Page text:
Hormone Replacement Therapy Linked to Risk for Death From Lung Cancer

Laurie Barclay, MD

September 29, 2009

September 29, 2009 — Hormone replacement therapy (HRT) using estrogen and progestin is associated with an increased risk for death from lung cancer, according to the results of an analysis of data from the Women's Health Initiative (WHI) trial reported in the September 20 Online First issue of The Lancet. These results were initially presented at the American Society of Clinical Oncology 45th Annual Meeting as reported by Medscape Oncology.

"In the post-intervention period of the...WHI trial, women assigned to treatment with oestrogen plus progestin had a higher risk of cancer than did those assigned to placebo," write Rowan T. Chlebowski, from Los Angeles Biomedical Research Institute at Harbour-University of California, Los Angeles, Medical Center, Torrance, California, and colleagues from the WHI Investigators. "Results also suggested that the combined hormone therapy might increase mortality from lung cancer. To assess whether such an association exists, we undertook a post-hoc analysis of lung cancers diagnosed in the trial over the entire follow-up period."

The WHI study, which was a randomized, double-blind, placebo-controlled trial performed at 40 US centers, was stopped early when health risks of HRT were found to exceed benefits. With use of a computerized, stratified, permuted block algorithm, 16,608 postmenopausal women aged 50 to 79 years with an intact uterus were randomly assigned to receive a once-daily tablet of 0.625-mg conjugated equine estrogen plus 2.5-mg medroxyprogesterone acetate (n = 8506) or matching placebo (n = 8102). Data from treatment and postintervention follow-up periods allowed determination of incidence and mortality rates for all lung cancer, small-cell lung cancer, and non–small-cell lung cancer, with analysis by intent-to-treat. Mean treatment duration was 5.6 ± 1.3 years, and mean additional follow-up duration was 2.4 ± 0·4 years.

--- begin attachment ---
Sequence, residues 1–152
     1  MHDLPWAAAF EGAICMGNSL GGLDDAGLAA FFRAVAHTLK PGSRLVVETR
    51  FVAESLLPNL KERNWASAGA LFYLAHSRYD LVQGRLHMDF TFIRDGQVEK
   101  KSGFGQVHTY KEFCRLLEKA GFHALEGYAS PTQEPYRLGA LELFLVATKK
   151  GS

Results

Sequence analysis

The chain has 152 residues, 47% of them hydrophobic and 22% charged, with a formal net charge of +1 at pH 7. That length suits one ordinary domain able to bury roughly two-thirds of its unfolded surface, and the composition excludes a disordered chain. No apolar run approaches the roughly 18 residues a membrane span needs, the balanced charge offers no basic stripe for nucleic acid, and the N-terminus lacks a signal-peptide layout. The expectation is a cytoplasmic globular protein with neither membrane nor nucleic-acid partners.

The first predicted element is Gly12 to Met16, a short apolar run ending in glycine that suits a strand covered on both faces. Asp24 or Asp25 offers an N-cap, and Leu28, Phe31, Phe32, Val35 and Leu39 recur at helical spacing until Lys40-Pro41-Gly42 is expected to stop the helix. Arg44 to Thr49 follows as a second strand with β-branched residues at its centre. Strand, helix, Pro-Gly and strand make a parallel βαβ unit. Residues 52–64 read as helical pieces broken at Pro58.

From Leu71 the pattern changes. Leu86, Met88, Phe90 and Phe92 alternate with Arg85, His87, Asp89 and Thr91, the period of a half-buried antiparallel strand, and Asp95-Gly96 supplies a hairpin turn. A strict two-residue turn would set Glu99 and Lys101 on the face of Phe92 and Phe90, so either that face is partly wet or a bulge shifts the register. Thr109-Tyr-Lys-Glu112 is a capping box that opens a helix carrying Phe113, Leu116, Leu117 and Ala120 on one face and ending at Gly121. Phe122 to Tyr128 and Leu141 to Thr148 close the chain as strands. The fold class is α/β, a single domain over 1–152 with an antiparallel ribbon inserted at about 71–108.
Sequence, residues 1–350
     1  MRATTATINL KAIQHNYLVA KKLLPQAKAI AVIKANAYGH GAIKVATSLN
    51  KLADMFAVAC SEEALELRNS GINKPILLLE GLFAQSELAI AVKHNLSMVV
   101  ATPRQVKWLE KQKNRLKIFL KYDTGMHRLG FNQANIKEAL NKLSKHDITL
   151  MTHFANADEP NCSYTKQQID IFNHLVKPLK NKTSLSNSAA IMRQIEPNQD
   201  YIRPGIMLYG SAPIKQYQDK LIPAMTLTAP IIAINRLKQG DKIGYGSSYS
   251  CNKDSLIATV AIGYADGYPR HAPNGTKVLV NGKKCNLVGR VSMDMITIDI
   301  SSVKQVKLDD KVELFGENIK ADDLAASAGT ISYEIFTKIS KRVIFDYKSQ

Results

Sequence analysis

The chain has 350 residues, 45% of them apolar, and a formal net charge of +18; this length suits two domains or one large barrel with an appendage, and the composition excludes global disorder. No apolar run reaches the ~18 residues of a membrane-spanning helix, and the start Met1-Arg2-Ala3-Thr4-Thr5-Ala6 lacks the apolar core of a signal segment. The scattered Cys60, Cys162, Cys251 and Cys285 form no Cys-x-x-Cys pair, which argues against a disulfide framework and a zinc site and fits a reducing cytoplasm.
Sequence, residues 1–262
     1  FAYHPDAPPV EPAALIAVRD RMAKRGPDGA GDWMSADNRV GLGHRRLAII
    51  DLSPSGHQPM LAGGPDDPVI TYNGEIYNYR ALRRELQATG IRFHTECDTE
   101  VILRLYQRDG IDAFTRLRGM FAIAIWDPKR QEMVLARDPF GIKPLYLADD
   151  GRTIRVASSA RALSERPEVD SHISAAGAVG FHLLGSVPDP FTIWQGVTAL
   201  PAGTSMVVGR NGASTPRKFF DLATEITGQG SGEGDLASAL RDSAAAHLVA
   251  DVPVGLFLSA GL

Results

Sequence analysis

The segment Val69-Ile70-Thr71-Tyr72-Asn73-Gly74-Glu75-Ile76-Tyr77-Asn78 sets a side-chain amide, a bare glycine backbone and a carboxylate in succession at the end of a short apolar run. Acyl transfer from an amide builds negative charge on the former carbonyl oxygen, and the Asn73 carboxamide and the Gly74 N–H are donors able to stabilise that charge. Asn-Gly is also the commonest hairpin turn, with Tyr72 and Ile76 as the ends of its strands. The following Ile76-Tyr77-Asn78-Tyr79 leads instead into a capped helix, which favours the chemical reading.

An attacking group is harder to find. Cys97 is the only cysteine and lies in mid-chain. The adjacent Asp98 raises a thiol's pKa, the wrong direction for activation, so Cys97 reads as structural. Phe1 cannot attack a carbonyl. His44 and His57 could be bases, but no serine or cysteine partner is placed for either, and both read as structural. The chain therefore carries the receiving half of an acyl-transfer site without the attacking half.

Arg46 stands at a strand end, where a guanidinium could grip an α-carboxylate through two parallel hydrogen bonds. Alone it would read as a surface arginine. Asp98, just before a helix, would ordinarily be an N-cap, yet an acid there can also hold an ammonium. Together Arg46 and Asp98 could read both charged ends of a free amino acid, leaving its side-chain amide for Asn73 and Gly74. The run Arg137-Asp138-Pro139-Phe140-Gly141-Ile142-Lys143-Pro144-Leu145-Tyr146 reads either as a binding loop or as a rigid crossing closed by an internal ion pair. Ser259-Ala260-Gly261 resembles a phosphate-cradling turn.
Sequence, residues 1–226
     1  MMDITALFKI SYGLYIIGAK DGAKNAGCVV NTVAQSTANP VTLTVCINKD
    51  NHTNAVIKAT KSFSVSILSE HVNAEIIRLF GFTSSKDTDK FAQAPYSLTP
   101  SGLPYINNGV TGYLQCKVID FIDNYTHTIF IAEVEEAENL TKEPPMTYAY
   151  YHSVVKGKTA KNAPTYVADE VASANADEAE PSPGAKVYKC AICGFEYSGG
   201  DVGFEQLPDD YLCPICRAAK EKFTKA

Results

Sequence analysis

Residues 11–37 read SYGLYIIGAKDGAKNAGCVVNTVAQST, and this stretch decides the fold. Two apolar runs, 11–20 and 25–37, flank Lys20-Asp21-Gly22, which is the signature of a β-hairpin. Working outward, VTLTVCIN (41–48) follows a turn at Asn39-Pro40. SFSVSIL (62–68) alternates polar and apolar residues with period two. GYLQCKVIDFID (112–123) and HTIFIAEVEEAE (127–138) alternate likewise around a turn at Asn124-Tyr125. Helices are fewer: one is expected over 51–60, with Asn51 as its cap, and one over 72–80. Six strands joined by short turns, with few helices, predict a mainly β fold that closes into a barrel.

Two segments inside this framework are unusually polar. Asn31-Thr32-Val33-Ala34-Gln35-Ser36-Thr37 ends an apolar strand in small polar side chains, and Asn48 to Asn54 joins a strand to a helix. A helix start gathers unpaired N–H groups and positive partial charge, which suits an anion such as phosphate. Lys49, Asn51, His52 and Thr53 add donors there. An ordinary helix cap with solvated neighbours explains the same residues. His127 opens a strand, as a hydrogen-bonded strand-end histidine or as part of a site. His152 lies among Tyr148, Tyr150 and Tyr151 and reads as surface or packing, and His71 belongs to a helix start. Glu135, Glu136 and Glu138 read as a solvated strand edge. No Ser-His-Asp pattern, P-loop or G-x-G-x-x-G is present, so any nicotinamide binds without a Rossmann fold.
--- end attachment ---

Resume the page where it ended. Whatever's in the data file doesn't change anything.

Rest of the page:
Lung cancer was diagnosed in 109 women in the combined hormone therapy group vs 85 in the placebo group (incidence per year, 0.16% vs 0.13%; hazard ratio [HR], 1.23; 95% CI, 0.92 - 1.63; P = .16). Non–small-cell lung cancer was diagnosed in 96 women in the HRT group vs 72 in the placebo group (0.14% vs 0.11%; HR, 1.28; 95% CI, 0.94 - 1.73; P = .12).

Mortality rate from lung cancer was greater in the combined hormone therapy group vs the placebo group (73 vs 40 deaths; 0.11% vs 0.06%; HR, 1.71; 95% CI, 1.16 - 2.52; P = .01). This excess mortality rate in the HRT group was primarily attributed to more deaths from non–small-cell lung cancer (62 vs 31 deaths; 0.09% vs 0.05%; HR, 1.87; 95% CI, 1.22 - 2.88; P = .004). Both groups had similar incidence and mortality rates of small-cell lung cancer.

"Although treatment with oestrogen plus progestin in postmenopausal women did not increase incidence of lung cancer, it increased the number of deaths from lung cancer, in particular deaths from non-small-cell lung cancer," the study authors write. "These findings should be incorporated into risk–benefit discussions with women considering combined hormone therapy, especially those with a high risk of lung cancer."

Limitations of this study include post hoc analysis, small number of lung cancers and small-cell lung cancers, and absence of information on treatment after diagnosis. In addition, the results cannot be extrapolated to other oral or topical hormone treatments or other treatment durations.

"There were significantly more poorly differentiated cancers and cancers with metastatic spread in the combined hormone therapy group than in the placebo group," the study authors conclude. "These findings, together with the substantial increase in mortality after a diagnosis of non-small-cell lung cancer, suggest that the main effect of combined hormone therapy might be on stimulating growth of already established non-small-cell lung cancers."

In an accompanying comment, Apar Kishor Ganti, MD, from the University of Nebraska Medical Center in Omaha, discusses the clinical implications of these findings for women considering use of HRT for perimenopausal symptoms.

"Because the optimum safe duration of hormone-replacement therapy in terms of lung-cancer survival is unclear, such therapy should probably be avoided in women at a high risk of developing lung cancer, especially those with a history of smoking," Dr. Ganti writes. "These results, along with the findings showing no protection against coronary heart disease, seriously question whether hormone-replacement therapy has any role in medicine today. It is difficult to presume that the benefits of routine use of such therapy for menopausal symptoms outweigh the increased risks of mortality, especially in the absence of improvement in the quality of life."

The National Heart, Lung and Blood Institute, National Institutes of Health, funded this study. Some of the study authors have disclosed various financial relationships with AstraZeneca, Novartis, Lilly, Amgen, Pfizer, the National Institutes of Health, the National Cancer Institute of Canada, and/or Wyeth. Dr. Ganti has disclosed no relevant financial relationships.

Lancet. Published online September 20, 2009. Abstract


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